Boots on the Ground gives aspiring students career pathways in logging industry

Area high school students were recently able to have some on-the-job training for the logging and lumber industry. The students visited two active logging jobs on Green Diamond Resource Company land in the Crannell area, and North Fork Lumber Company’s mill in Korbel. (Mary Bullwinkel – For the Times-Standard)
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A dozen Humboldt County high school students got a firsthand look at the logging and lumber industry last week, and learned about employment opportunities, with a special focus on current jobs available.

“We do hire kids with no experience,” Green Diamond Resource Company logging manager Kevin Nichols said at an active logging site in the Crannell area. “We’ll start you at ground zero and train you. I know it looks intimidating, but no one expects you to know everything, (and) if you have the desire and ability, you can work anywhere out here.”

The students were taking part in a program called Boots on the Ground, coordinated by the Redwood Region Logging Conference. The idea for the in-the-woods training came from 2019 RRLC president Jake Morris.

The Boots on the Ground program, an in-woods training experience, was the idea of 2019 Redwood Region Logging Conference president Jake Morris, center, wearing the white hard hat, who is pictured talking with some high school students. (Mary Bullwinkel — for the Times-Standard)

Morris said for those interested in working in the woods, the keys to success are simple.

“Do what you’re told to do and show up every day,” he said. “Show ambition, pay attention, listen and learn. That’s how you move up the ladder and it pays huge dividends down the road.”

Green Diamond Resource Company Klamath Division logging and roads superintendent Joel Rink told the students that if they are interested, they could enter a trade right out of high school.

“You don’t need to go to college,” he said. “College is not for everybody and there are a lot of opportunities of good paying jobs (in the timber industry).”

Fortuna logger Tony Leonardo, owner of Leonardo Logging, accompanied the students during the in-woods training, and said that’s how he got his start in the business.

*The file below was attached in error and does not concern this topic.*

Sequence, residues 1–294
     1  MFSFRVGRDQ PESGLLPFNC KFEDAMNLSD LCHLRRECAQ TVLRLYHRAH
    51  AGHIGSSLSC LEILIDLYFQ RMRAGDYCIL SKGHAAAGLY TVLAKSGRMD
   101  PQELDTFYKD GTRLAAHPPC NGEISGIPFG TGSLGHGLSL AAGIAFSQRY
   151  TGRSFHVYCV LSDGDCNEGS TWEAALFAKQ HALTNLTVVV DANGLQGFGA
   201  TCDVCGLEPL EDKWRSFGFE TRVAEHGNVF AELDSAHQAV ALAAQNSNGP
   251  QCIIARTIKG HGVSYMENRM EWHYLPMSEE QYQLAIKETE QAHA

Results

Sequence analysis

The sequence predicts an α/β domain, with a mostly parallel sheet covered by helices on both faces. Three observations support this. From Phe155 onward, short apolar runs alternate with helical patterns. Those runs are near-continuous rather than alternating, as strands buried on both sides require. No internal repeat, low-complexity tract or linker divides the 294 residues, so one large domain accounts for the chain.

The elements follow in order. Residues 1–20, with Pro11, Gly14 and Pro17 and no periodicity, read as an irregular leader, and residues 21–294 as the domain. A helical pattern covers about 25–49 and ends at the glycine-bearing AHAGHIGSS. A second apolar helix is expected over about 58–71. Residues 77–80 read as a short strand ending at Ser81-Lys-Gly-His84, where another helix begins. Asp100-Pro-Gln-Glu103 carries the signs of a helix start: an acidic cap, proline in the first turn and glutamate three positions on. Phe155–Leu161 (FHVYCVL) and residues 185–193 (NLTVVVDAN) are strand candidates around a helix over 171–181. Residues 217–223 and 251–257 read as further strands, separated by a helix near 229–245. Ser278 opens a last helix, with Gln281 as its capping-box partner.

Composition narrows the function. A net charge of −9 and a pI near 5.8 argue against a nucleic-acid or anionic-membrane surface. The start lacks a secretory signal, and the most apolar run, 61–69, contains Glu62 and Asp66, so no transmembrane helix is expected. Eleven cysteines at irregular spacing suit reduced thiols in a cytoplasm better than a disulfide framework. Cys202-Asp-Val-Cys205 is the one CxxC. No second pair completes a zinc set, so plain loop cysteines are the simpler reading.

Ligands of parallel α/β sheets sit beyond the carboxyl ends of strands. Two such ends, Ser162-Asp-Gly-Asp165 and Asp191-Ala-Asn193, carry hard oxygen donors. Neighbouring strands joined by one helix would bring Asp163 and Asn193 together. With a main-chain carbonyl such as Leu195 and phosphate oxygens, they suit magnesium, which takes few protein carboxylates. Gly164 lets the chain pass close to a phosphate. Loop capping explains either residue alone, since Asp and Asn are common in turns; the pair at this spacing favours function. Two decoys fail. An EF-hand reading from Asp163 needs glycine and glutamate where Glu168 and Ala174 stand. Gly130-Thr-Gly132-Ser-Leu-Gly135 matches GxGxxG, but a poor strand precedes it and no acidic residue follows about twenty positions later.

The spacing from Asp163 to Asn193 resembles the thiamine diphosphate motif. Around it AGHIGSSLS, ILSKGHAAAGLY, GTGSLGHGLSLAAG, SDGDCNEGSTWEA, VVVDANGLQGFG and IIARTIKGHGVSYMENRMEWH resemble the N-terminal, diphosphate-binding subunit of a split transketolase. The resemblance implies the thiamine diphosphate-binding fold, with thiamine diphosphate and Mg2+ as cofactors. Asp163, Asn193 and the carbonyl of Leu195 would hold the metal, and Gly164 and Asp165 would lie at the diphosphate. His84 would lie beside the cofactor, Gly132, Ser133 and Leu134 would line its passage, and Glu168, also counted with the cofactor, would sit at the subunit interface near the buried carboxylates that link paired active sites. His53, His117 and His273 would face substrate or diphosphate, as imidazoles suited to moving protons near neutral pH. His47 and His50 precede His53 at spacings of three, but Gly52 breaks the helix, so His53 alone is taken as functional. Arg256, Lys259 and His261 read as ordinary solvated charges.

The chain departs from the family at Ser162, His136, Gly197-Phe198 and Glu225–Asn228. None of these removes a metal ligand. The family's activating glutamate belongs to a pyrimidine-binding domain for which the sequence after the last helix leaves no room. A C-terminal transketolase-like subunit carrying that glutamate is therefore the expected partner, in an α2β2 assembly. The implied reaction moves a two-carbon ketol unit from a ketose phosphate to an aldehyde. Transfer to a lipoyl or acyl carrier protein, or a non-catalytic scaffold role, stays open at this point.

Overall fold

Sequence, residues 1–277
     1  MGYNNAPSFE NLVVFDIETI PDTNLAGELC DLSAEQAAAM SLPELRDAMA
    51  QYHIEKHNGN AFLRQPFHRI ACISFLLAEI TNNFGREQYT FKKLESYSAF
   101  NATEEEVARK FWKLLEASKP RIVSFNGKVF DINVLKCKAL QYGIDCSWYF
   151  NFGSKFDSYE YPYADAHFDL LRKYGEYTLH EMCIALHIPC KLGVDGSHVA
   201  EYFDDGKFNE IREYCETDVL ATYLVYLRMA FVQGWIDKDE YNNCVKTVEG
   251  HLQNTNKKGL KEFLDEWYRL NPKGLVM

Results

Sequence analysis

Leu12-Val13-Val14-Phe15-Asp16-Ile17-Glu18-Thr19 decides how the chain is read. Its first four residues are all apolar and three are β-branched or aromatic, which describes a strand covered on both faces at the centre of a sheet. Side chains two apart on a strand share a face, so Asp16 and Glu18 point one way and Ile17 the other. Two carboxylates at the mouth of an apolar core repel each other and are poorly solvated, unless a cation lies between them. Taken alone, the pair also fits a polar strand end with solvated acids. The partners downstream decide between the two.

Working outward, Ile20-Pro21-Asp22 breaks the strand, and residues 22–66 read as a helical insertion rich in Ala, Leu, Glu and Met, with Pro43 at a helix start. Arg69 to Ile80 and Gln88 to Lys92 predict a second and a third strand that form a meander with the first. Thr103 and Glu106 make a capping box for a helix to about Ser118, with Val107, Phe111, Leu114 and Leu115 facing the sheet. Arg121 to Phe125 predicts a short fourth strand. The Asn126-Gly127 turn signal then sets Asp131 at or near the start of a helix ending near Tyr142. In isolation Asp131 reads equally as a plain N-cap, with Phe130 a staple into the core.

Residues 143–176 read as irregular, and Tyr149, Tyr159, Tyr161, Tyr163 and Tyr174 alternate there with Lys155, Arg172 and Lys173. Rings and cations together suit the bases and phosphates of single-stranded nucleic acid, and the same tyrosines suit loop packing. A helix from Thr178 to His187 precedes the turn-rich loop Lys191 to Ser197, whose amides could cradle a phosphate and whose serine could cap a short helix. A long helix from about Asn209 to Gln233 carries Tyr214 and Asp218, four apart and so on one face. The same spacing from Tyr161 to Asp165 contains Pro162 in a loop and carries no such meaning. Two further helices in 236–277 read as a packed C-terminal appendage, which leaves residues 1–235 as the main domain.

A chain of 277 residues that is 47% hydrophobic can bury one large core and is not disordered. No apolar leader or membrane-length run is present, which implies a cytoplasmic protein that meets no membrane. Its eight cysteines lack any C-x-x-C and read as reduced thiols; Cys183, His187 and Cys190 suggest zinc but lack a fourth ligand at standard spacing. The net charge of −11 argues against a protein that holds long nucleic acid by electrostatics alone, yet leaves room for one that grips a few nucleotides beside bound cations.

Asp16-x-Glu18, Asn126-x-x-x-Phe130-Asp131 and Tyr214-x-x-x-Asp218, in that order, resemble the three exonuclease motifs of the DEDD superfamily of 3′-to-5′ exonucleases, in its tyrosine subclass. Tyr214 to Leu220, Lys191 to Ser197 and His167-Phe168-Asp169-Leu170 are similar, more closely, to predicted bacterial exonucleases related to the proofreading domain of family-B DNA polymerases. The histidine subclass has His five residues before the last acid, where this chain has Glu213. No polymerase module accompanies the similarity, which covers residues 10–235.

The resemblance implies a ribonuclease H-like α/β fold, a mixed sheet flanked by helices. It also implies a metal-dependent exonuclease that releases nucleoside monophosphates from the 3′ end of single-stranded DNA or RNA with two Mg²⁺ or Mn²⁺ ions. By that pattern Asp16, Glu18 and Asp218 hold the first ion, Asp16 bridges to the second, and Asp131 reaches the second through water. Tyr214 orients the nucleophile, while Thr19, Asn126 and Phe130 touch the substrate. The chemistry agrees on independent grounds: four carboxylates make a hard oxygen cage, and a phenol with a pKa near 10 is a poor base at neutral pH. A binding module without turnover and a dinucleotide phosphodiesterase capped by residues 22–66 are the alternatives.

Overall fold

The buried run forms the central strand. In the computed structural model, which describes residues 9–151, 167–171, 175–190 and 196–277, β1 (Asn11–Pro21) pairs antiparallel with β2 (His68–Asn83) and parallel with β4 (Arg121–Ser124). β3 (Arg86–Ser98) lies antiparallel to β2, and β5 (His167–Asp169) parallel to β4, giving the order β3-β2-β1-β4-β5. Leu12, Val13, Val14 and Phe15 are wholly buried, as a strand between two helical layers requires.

“I went to work in the timber industry right out of high school,” he said.

Fortuna logger Tony Leonardo, far left, of Leonard Logging said there are jobs available now for those who want to go to work in the woods right out of high school. (Mary Bullwinkel — for the Times-Standard)

He told the students that there are many jobs available now, and he echoed Morris.

“Show up, work hard, and that’s how you make a name for yourself. If you work hard, there will always be a job out there,” Leonardo said.

Describing the logging and lumber industry as a tight-knit family, Leonardo said if someone contacted him about a possible job opportunity and he had none, he would refer the potential new employee to another company.

“That’s the way it works in this industry,” he said.

The students visited two active logging sites on Green Diamond Resource Company land, and then toured North Fork Lumber Company’s Korbel sawmill. Along the way, students were able to ask questions and interact one-on-one with logging and lumber industry professionals.

Careers discussed included logging, lumber mill workers, biologists, heavy equipment operators and diesel mechanics.

Each of the students also received a gift certificate for a new pair of work boots, which will be custom ordered by Strehl’s Shoes in Fortuna.

“We hope this will be a pair of work boots for their future career in the timber industry,” RRLC executive director Katherine Ziemer said.

She said memorial donations in the names of Richard Jackson and Bob Chambers were received, making the gift of a pair of work boots for each student possible.

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